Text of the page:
LV
Laetitia Vlaminck,
Sustainable Packaging Engineer

Design for tomorrow, reduce what we use, aim for circularity: these are the three pillars of Lotus Bakeries’ packaging strategy. Once again in 2021, we made major strides in each of these areas. Sustainable Packaging Engineer Laetitia Vlaminck outlines the most powerful steps.

“In our packaging strategy, we always aim for the optimum overall picture”, Laetitia begins. “We want to improve sustainability as a whole. So, we don’t intend to engage in burden shifting, for example by switching from plastic to an alternative like paper, which is perceived as more sustainable, but end up using much more material, reducing the shelf life of our cookies and not gaining the full benefit from the efficiency of our ovens.”

 

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100% RECYCLABILITY FOR BISCOFF® COOKIES

Under the heading of ‘design for tomorrow’, Lotus Bakeries is - improving the sustainability of its packaging, so that the materials can be reused. Having already switched to PVDC-free film for all individually packaged and twin Biscoff® packs in 2020, this was rolled out across the entire Biscoff® range in 2021. “This means that the packaging material for Biscoff® is PVDC-free across the whole line”, Laetitia explains. “This brings us close to 100% recyclability for Biscoff® Cookies.”

A special packaging line has also been set up for packaging Biscoff® Crumb, which was previously outsourced to a copacker. This also involved new packaging, that is easier to recycle. “Whereas before we used a plastic bag with a paper sticker on it – which made it harder to recycle – we now use a printed bag without a sticker, or with a plastic sticker that can be recycled”. In the Dutch market, Lotus Bakeries has also switched to PET for Enkhuizer product tubs, which were previously made from polystyrene. This material does not tend to be collected or recycled around the world, while PET is recycled on a larger scale and can also be made from recycled material. These changes have raised our recyclability score to 97.1% for the Lotus Bakeries Group as a whole.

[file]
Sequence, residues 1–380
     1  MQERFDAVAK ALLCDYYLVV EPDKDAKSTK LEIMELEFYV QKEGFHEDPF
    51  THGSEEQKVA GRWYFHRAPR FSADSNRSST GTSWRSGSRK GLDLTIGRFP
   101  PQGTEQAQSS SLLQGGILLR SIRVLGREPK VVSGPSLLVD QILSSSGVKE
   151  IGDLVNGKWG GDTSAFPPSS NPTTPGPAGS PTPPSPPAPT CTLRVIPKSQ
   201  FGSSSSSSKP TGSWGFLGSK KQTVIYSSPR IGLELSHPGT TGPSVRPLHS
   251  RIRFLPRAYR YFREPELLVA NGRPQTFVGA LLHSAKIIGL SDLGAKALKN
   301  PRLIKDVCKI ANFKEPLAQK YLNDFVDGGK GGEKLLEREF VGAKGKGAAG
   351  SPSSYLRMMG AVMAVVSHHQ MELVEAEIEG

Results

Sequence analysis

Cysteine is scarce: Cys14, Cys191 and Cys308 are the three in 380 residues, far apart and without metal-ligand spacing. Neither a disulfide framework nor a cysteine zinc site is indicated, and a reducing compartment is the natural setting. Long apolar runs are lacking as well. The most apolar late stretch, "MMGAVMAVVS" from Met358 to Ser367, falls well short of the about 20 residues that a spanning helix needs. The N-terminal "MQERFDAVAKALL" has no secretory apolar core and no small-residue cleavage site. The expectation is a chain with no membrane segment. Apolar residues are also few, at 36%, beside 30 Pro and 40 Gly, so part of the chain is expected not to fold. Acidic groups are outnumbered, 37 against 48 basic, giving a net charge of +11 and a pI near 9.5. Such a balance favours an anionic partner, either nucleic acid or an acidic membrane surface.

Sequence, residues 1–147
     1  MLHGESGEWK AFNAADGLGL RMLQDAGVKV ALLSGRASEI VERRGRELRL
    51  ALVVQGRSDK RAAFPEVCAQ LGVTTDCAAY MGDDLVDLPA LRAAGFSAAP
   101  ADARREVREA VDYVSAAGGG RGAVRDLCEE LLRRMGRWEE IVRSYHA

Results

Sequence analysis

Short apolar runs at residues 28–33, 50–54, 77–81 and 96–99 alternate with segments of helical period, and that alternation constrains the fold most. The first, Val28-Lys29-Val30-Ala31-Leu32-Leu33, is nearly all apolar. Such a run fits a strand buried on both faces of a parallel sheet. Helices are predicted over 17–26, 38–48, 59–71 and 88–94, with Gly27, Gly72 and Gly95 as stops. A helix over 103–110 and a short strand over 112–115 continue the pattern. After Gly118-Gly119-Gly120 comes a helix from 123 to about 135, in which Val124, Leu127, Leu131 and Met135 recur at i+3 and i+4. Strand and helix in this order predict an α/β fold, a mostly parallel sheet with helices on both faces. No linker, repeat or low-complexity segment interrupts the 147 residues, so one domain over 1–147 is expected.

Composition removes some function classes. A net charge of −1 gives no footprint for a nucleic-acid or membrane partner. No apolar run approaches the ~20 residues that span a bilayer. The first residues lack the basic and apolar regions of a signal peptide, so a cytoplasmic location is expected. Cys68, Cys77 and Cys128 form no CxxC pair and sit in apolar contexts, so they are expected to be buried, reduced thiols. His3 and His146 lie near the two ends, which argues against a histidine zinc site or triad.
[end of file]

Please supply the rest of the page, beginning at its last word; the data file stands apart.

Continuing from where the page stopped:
There are ambitious plans on the agenda in 2022 too: all packaging for waffles, cakes and pastries should be recyclable by the end of the year. “As ever, the greatest challenge lies in the product’s shelf life. What we are aiming for is to keep crispy waffles really crispy and loaf cake deliciously soft, but in recyclable packaging”, says Laetitia.

 

AS LITTLE PACKAGING MATERIAL AS POSSIBLE

With the motto ‘reduce what we use’, Lotus Bakeries aims to use as little packaging material as possible, without compromising the quality of the products. “A key step towards this was when we changed the type of cardboard for our 300 Biscoff® catering case. The cardboard is now thinner, which means that it weighs less and more cases can be loaded on a pallet. As a result, every year, 36.5 tonnes less cardboard are placed on the market and 17 fewer trucks are needed to transport the cardboard to the factory, which has an impact on CO2 emissions”, Laetitia explains.